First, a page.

Pop concerts this week: Arcade Fire, Nixon's Head, and The Glitch Mob
Arcade Fire Arcade Fire has always been a band you must see live. The Montreal indie-rock large ensemble's four albums are consistently good, but the optimal way to experience their signature dramatic energy and ecstatic group dynamic is in the flesh. The last time t
Arcade Fire has always been a band you must see live. The Montreal indie-rock large ensemble's four albums are consistently good, but the optimal way to experience their signature dramatic energy and ecstatic group dynamic is in the flesh. The last time they played Philadelphia, four years ago, was at the Mann Center. This time: Wells Fargo Center. This jump in venue size is in part the result of the Grammy for album of the year the band unexpectedly took home for The Suburbs (2010). Last year, the band released the James Murphy (LCD Soundsystem)-coproduced double-LP, Reflektor. It was sometimes meandering, but sonically sprawling and charmingly ambitious in a way we've come to expect from Arcade Fire, and wouldn't expect from anyone else.
- Elliott Sharp
Nixon's Head/ The Donuts/ Adam & Dave's Bloodline
A spirit of togetherness suffuses this triple bill of Philadelphia rock bands, all of whom have something to celebrate. In the case of the Donuts and Nixon's Head, it's a brand-new joint album release, Pow!/Mod!, two words that spell each other when turned upside down. The Donuts, which Jon Houlon of alt-country band John Train fronts when he's in a more raucous mood, punch in with urgency on Pow!, while veteran rockers Nixon's Head, headed up by Jim Slade, deliver an ambitious but not too serious version of an Abbey Road-style mini-song suite on Mod! Not to be left out, headliner Adam & Dave's Bloodline are celebrating the release of their four-song EP 2x2, which is a rugged and raw blast of psychedelic-flavored rock.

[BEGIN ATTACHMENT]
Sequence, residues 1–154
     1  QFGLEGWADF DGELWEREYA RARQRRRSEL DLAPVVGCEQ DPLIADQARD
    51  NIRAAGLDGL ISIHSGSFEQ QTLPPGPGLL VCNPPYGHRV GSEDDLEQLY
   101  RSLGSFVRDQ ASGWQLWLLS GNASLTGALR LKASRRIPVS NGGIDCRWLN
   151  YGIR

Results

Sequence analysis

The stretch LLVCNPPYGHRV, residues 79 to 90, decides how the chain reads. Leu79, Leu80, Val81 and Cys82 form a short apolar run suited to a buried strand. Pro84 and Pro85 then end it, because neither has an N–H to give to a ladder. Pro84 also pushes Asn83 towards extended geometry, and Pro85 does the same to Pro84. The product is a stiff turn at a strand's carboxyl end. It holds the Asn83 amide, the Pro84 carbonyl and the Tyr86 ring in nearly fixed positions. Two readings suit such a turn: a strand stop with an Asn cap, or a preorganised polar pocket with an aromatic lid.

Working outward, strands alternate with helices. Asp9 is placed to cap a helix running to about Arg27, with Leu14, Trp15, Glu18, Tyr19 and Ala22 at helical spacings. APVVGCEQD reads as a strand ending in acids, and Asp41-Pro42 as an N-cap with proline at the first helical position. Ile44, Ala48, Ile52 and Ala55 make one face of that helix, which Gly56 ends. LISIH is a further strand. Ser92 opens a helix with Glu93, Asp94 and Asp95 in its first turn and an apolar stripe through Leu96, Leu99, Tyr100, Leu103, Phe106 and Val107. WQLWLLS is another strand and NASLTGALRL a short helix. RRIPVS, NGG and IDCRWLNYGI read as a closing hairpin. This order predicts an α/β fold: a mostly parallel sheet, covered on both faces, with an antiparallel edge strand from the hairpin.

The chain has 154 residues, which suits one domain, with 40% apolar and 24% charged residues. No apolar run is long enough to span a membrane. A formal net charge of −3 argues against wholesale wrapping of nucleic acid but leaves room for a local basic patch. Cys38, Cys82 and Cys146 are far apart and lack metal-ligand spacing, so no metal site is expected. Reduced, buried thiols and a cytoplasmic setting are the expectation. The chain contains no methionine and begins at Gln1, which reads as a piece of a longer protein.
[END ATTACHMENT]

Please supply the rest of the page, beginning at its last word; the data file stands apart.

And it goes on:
- Dan DeLuca
The Glitch Mob
As far as DJ-turned-artist-teams go, the Glitch Mob is one of the most impressive, especially considering how the L.A. team - founding and current members edIT, Boreta, and Ooah - have merged the dense and moody sound of European breakbeat with sleek, even rocky IDM and hip-hop throughout its time in the limelight. As a DJ assemblage, it was odd, yet brave, that the Glitch Mob made its debut album - 2010's Drink the Sea - an often somber, introspective affair rich with dark atmospheres and down-turned chord changes. The same cannot be said of 2014's Love Death Immortality. Together with the girl guest vocalists of Metal Mother, Nico Vega's Aja Volkman, and Sister Crayon's Terra Lopez, the men of the Glitch Mob made Love Death Immortality into a glittering, butch, fast-paced bit of bass-driven electro touched by the not-so-nuanced elements of synth-screechy noise, riff rock, and pop-hop, with the whole tamale sounding like a head-charging, biker-gang version of Depeche Mode. Plus, their new stage show is designed by Martin Phillips' Bionic League, the crew behind the live visuals of Daft Punk, deadmau5, and Kanye West, which means the Glitch Mob will look as great as they'll sound.
- A.D. Amorosi